MGR received the LTTE delegation with affection. He asked, “Has not your leader Pirapaharan come?” Balasingham told him that he was out of Chennai and he would come for the next meeting.
MGR asked, “Why didn’t you attend Karunanithi’s conference?’
Balasingham replied, “You were the first leader to call the conference on unity. Karunanithi wanted to beat you and called another conference a day earlier. We did not attend it because we thought he wanted to get political advantage by doing so. So we decided not to attend.”
MGR’s face brightened up. “You have understood Tamil Nadu politics,” he said.
He then asked, “Why are you split into different groups. Why can’t you get united?”
Balasingham took that opportunity to explain to MGR the genesis of the ethnic problem in Sri Lanka, the emergence of the various militants groups, the LTTE’s philosophy and structure, its commitment to the cause, and the discipline and motivation of its cadres. He showed MGR photographs and video clips of the atrocities committed by the Sri Lanka army.
MGR asked, “What about Uma Maheswaran? I hear that he is saying that his organization is the true LTTE. What is the trouble between Uma Maheswaran and Pirapaharan?”
Balasingham told him that the people of Tamil Nadu call all militant groups Eelathu Puligal and, due to this, the acts of indiscipline of the other groups attributed to the LTTE. Then he explained that Uma Maheswaran was once a member of the LTTE, but he had been expelled.
MGR then inquired about the Indian training and financial assistance.
Balasingham told him that Indian training was limited in nature. It trained only 200 LTTE cadres. India was discriminating against the LTTE. It had trained more men from other militant groups. He told MGR that India was training more cadres from the groups that were not active. He said the weapons given by India were not sufficient and were not modern. He explained that India was trying to make use of Tamil militants to attain its national interest.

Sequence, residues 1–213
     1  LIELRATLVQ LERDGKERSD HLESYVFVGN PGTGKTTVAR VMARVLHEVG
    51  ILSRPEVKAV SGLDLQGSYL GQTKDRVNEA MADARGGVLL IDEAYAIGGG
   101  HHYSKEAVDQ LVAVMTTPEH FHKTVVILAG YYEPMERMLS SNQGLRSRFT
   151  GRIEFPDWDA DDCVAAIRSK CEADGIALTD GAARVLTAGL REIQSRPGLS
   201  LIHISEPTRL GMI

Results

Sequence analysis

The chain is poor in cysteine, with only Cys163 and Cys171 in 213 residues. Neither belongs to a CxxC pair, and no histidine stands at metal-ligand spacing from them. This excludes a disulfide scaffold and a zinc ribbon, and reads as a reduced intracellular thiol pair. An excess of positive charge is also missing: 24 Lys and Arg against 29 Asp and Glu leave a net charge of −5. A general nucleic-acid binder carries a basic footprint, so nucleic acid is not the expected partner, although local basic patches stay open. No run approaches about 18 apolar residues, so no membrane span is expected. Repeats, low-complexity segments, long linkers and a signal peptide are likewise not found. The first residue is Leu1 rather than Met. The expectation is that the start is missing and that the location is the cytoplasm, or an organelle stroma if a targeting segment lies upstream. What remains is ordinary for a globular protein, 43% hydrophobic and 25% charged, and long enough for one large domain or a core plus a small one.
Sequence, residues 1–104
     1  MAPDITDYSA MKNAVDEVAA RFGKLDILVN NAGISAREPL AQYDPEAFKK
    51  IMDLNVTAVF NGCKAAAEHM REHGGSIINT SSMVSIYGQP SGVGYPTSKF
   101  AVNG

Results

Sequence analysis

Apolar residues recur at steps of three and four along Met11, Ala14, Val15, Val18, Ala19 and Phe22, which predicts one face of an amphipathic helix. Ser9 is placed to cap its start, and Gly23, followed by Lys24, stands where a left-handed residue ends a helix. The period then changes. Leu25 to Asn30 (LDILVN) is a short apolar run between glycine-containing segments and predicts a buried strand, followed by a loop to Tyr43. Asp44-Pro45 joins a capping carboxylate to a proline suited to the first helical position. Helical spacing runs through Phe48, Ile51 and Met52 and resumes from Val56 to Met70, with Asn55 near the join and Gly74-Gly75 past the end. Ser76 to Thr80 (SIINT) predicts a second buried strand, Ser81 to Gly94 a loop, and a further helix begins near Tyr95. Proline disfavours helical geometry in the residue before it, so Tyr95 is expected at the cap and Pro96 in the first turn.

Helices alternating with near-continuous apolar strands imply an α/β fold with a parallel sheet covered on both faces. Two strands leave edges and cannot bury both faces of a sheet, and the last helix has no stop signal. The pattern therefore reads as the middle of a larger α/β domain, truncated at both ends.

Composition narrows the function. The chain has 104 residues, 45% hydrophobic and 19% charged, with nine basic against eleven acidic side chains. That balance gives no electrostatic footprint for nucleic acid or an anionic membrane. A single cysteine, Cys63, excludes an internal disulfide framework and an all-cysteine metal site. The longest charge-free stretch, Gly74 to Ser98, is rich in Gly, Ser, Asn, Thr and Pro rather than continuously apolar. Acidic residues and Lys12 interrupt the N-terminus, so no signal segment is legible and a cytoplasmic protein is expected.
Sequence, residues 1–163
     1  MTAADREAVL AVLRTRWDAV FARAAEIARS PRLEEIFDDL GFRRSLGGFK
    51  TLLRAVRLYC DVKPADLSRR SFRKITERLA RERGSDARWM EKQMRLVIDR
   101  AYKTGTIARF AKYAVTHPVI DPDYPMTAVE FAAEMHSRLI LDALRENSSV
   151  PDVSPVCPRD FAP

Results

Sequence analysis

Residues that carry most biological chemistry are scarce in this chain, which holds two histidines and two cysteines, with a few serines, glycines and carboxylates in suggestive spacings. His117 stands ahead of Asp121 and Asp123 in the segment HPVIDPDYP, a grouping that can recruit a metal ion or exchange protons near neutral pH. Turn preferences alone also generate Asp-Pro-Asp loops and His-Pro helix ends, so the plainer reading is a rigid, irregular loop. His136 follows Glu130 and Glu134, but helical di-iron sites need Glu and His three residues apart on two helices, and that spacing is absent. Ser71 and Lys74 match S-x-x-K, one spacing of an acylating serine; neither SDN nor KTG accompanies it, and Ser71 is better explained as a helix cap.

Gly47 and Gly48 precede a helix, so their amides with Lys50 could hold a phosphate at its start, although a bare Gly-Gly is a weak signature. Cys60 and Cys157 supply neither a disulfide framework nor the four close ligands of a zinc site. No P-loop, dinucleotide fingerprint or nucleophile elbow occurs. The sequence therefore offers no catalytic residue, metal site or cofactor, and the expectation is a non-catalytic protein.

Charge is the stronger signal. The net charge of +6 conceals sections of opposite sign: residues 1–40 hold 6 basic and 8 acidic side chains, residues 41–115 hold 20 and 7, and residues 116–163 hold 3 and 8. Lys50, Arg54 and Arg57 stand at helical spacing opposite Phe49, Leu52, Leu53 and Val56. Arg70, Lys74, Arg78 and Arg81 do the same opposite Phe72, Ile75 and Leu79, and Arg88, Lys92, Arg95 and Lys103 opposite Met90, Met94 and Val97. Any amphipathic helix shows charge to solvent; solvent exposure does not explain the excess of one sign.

After listening to everything Balasingham said MGR asked, “Now I understand everything. Tell me what I should do? What is the help you expect from me?”
Balasingham answered, “The 200 cadres India trained are totally insufficient to fight the Sri Lankan army. We need at least 1,000 fighters. To train the balance we are planning to open training camps in Tamil Nadu. Then we have to arm them. That needs money. Will you give us financial help? That will be the turning point in our struggle. If you give us that help our people will be ever grateful to you.”
MGR asked, “Alright. What is the amount you expect from me?’
This is how Balasingham records the moment:
“I did not know how to reply. “We may need a big sum,” I dragged. He asked again, “That’s all right. Tell me the amount you need?” Sensing the difficulty I was facing Shankar intervened. He said, “We may need at least two crores (20 million rupees). One crore to train 1000 cadres and another crore to buy them weapons.” The chief minister exclaimed, “Only two crores. You (pointing to Balasingham) come tomorrow at 10 p.m. in the night with a vehicle and collect the money.” We were dumbfounded. We praised MGR for his benevolence and promised to bring Pirapaharan the next time.”
Balasingham and others went to Pirapaharan’s residence to convey the happy news. Pirapaharan refused to believe it. Balasingham and others told Pirapaharan that they were not joking. Then Pirapaharan told them that he would meet MGR in a few days and personally thank him.
Balasingham went to MGR’s estate the next night in a van. Ragu drove the van. MGR was there at the entrance of his residence waiting for Balasingham.